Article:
Capturing the Perfect Waterway Photo - Top Tips
Do you always see potential for a good photo when you're out and about on the waterways, but never quite manage to capture it? Take a look at our photography tips below.
- Camera settings: Make sure your digital camera is set to take high resolution (large) photos to capture as much detail as possible.
- Point of interest: Photos tend to be more interesting if they focus on a feature, whether it's a boat, bridge, lock, or a building. Different waterway craft tend to add the most character and colour to a waterway photo.
- Direction of boat: If you're taking a photo of a boat, it's much better to feature the front of the boat rather than the rear of the boat. Likewise boats coming towards the camera make better shots than those navigating away from the camera. Similarly, if you were taking a photo of a person, you would be more likely to take a photo of their face rather than their back.
- Time of day: The time of day can make a huge difference to the lighting of your photos. The first hour of light after sunrise, and the last hour of light before sunset is known as the 'golden hour'. During these times the sun is lower in the sky, so the lighting is softer and warmer. The long shadows help to pick out details, adding texture and depth to the image. The exact time varies between seasons but there's a handy online golden hour calculator.
- Rule of thirds: The guide proposes that when composing a photo, there should be two imaginary lines vertically and two lines horizontally making three columns, three rows, and nine sections in the image. Important compositional elements should be placed along these lines.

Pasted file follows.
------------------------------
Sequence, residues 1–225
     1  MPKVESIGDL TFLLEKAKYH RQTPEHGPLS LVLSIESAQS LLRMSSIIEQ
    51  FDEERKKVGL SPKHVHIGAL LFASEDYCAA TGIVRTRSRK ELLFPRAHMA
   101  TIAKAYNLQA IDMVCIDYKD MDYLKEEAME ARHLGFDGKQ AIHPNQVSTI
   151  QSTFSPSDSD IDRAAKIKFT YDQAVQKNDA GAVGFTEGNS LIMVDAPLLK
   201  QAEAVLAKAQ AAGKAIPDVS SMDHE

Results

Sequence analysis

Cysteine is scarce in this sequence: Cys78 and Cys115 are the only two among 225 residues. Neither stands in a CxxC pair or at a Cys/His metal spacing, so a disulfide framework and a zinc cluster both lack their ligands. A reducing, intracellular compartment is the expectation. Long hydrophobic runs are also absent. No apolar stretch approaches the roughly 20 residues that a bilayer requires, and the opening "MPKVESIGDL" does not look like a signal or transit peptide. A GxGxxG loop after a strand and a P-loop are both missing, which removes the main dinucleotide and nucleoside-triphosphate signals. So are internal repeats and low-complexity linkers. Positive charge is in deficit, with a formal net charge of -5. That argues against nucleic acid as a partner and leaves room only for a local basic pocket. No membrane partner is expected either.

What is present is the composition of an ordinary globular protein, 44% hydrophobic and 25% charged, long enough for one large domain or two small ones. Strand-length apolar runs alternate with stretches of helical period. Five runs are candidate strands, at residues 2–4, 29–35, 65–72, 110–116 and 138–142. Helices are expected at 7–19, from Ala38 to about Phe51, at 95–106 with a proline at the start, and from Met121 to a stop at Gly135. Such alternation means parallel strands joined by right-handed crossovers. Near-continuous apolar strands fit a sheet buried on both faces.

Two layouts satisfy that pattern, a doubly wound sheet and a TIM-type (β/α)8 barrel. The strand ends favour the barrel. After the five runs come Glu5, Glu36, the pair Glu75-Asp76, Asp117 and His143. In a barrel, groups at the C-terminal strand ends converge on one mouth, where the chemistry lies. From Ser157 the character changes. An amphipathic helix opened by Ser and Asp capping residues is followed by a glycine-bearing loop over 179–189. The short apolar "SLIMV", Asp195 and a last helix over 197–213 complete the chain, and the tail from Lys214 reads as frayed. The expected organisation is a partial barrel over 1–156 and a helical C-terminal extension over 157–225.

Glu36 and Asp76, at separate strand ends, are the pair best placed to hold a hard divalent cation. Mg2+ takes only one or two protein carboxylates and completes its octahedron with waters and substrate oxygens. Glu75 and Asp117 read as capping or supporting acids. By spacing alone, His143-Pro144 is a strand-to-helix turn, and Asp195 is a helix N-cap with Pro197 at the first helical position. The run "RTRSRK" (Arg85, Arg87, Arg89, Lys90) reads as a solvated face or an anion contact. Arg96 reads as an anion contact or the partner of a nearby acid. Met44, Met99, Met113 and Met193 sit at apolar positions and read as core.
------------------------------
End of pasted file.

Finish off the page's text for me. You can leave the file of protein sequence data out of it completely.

- Reflections: One of the things that makes photographs of waterways stand out against photographs of other scenery is the interesting reflections and ripple effects created by the water. Take advantage of this.
- The colour red: Photos of the waterway environment tend to contain a lot of blues, greens and neutral colours. A splash of red or other contrasting colour can really make a difference to a photo. This is why a brightly coloured boat can make a photo.
- Focus: Make sure your camera is focussed properly on the subject. If you're not sure take a few so that you've got some to choose from. Sometimes it's difficult to tell until the photos have been uploaded to a computer, and blurryness can ruin a photo.
- Move around: If you're not happy with the composition of your photo, move around and try again. You might want to climb up higher or squat down. Professional photographers will often go to great lengths to get the perfect shot.
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Blog image: Bridge 80, Bennetts Bridge, Shropshire Union Canal by Mark Welton.Back